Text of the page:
Do you know why the dodo went extinct? Spoiler, it wasn’t their fault. Dodos were the victim of colonization, and, ok, sure, their own inability to adapt to change. They were weird flightless birds that became easy pickings for the new people and animals that invaded their lands. On the bright side, none of this dark history is necessary knowledge to play the game Dodo Peak.
That’s right, this addicting mobile game come console entry has a much lighter mission. Sort of…I mean, you’re a mamma or papa dodo that’s lost their eggs, which means you have to go out into the world and rescue you’re ready to hatch babies. In the meantime, snakes, rocks, and all other manners of obstacles will be standing in your way. Oh, and there’s one more hitch you should be aware of. This game is an homage to Q*bert!
Not only are your movements are limited, but as a bonus complication, the movements of your babies are limited. As you jump down onto a platform, your babies will trail behind you leaving them exposed to danger unless you keep moving (or stop, depending on their position and the danger). The more babies you have to rescue, the more complex your return back to the nest becomes. It’s a satisfyingly frustrating mechanic that adds a new layer of challenge to the old Q*bert groundwork.
Along the way, you will unlock new dodo skins and levels. New dodos come with new advantages and weaknesses, while new levels come with better rewards but harder routes to success and more wily enemies. Not too shabby for teaching an old dog (err…dodo) a new trick!
My time with the game was short (if any of you have been to PAX then you know it’s nothing but long lines, waiting, and longer lines), but in my brief experience, I enjoyed my visit to dodo island. The visuals are especially enchanting. Your dodo parent is all soft edges, while your chicks are adorable tiny copies, and when you get new dodo skins, the kids dress up too! The layout of the levels is geometric without being as blatant as its inspiration – you walk on squares, stacked and aligned so as to create the illusion of walls and walkways. Bridges, mountains, bodies of water, and of course plant life to round-out these beautifully crafted islands of terror. The dodo skins themselves not only come with added features such as speed or strength, but they are also fun to collect and see. Some are historical (Hi, pharaoh skin!), some are movie callbacks (Hi, Indy!), and some are fairly random (Ski suites, Gold dodos, and Penguin dodos to name a few). Honestly, if I were to play long enough to get really good at the game, collecting the different dodo disguises would probably be my favorite part.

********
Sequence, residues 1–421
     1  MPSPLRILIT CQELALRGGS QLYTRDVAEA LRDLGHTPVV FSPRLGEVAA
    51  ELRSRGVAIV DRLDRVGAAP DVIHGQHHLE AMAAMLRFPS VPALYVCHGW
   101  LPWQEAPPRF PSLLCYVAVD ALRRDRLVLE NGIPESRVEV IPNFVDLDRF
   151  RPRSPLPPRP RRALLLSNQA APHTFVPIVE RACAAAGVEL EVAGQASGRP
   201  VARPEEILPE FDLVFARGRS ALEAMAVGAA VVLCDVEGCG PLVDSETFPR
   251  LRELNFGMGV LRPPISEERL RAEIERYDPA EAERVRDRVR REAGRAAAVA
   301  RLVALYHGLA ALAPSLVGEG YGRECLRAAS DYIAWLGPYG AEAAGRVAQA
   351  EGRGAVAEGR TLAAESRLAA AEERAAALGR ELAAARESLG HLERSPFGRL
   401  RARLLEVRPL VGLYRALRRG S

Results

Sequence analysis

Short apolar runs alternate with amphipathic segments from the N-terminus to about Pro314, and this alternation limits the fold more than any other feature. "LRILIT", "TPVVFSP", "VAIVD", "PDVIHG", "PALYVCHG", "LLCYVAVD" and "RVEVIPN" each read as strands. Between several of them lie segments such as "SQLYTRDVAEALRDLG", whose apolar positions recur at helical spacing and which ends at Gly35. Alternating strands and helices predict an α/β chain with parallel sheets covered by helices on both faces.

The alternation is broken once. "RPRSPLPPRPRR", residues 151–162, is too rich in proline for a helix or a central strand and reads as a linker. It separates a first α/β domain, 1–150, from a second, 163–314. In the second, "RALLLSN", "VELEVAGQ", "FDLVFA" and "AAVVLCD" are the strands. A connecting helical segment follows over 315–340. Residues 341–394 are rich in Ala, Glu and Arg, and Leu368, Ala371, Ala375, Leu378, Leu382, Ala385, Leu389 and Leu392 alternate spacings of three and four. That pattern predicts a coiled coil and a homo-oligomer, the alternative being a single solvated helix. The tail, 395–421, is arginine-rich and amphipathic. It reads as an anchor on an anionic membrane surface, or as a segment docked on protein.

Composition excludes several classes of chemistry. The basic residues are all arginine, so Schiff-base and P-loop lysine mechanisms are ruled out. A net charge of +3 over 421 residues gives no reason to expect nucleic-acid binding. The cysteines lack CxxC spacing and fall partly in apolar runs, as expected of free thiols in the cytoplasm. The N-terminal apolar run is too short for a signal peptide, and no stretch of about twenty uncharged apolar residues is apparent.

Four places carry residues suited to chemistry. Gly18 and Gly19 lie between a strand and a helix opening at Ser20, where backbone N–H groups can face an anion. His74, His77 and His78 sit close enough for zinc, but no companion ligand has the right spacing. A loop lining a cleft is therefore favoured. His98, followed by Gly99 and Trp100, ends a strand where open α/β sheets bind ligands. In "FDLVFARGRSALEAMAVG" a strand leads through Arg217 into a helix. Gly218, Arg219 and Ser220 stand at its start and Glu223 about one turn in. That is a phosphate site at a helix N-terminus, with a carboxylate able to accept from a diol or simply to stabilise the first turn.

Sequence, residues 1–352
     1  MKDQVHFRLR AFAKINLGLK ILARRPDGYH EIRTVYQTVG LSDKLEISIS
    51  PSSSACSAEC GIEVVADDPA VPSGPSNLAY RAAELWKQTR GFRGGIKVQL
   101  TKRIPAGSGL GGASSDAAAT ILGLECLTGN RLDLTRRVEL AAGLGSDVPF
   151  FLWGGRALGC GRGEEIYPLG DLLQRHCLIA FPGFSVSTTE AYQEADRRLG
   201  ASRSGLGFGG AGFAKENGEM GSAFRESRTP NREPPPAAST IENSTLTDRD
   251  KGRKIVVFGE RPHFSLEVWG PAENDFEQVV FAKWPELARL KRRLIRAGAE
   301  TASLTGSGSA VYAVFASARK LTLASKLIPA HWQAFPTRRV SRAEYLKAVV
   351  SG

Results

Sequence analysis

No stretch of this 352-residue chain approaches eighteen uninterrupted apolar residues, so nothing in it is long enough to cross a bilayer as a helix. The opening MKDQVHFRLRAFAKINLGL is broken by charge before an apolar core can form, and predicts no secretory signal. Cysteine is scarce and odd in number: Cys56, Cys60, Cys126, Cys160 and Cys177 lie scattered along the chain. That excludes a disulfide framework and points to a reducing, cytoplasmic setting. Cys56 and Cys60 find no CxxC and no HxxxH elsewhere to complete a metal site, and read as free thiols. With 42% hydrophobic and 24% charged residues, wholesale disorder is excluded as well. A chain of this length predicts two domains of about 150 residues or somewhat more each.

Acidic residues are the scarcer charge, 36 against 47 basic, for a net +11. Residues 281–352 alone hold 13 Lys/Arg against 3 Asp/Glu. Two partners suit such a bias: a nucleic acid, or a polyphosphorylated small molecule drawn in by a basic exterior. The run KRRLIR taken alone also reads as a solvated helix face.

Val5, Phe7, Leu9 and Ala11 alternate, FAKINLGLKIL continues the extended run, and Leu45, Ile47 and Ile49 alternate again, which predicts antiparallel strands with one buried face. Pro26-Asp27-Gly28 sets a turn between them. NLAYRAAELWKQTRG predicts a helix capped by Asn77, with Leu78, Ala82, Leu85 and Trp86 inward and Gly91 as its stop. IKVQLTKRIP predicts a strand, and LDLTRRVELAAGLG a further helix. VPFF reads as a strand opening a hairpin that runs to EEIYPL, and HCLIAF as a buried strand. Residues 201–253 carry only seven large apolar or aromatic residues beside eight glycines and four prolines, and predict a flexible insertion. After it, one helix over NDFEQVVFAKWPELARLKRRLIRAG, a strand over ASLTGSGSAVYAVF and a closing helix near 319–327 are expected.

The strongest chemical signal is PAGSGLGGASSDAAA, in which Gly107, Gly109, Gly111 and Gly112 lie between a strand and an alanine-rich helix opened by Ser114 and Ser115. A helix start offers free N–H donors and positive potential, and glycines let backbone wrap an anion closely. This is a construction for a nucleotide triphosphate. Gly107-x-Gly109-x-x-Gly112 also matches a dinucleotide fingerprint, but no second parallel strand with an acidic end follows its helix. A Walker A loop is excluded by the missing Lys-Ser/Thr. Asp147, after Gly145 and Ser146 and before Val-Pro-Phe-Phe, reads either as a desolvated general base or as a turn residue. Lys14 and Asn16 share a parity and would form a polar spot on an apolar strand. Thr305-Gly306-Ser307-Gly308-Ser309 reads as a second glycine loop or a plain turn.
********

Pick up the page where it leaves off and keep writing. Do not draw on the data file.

The following is an interview that my colleague did with the creator of Dodo Peak:
[ Robert Kijowski: I am here with Patrick, one of the developers of Dodo Peak. This I would describe as very Q*Bert meets the Last of Us. What would you say is your inspiration?
Patrick McAvena: We were definitely inspired by the classic 80s games of yore. Growing up in the 80s and we felt that we wanted to do that art style and mechanic and put that clean, easy to learn gameplay in place.
RJ: How crucial was it as a game designer to keep the place between open to anyone that can play but not too easy for the seasoned gamer?
PM: That’s always a constant balance because there are people that say it’s too easy and there are people that say it’s ever too hard, so you have to make the decision of ‘What’s the game that you want to make?’ and though it’s a constant struggle, we push the boundaries of what is rewarding for any player.
RJ: I noticed the color palette in the game. It’s very 80’s-esque. It’s very vibrant. It’s very soothing. How much thought went into the specific colors themselves?
PM: My background was as a VFX artist and commercial industry for a while and one of the other co-creators, James, was a motion designer so with our powers combined did a lot of R & D and found this amazing art director named Maxime Bourgeois and we just went to town on those.
RJ: I wanna say, though it may be a lead-in question, what is your favorite aspect of the game? Is it the speed round? Is it being able to control the difficulty of one level? Or is it an amalgamation betwixt the two?
PM: I think it’s the whole picture for me. To get the right feel and the right pacing is super important and we ended up having a lot more mechanics and then pair it down the bare essentials.
RJ: In terms of traps, let’s be honest, was that not fun to create to thwart whom you are piloting?
PM: I actually really, really loved that aspect and it was a lot of fun, and we tried. There was a lot of things that didn’t end up in the game because it didn’t read right. What we found was a lot of static obstacles, but people enjoy more those that they can interact with. The latter ended up being our rule of thumb.
RJ: Is there anything new on the horizon for the Dodo Universe?
PM: We’re coming to Switch this Summer. We also have a really awesome content update next month. Sky world. A whole new way to use the mechanics. Outside of that… we have plans that you’ll have to stay tuned for… ]
I recommend, if you have the time and platform (an iPhone, or a Nintendo Switch in this case) to check this game out.
P.S. Shout outs to Patrick McAvena and Moving Pieces for granting us the pleasure of playing this amazingly chill, sometimes frenetic but always fun and beautiful game.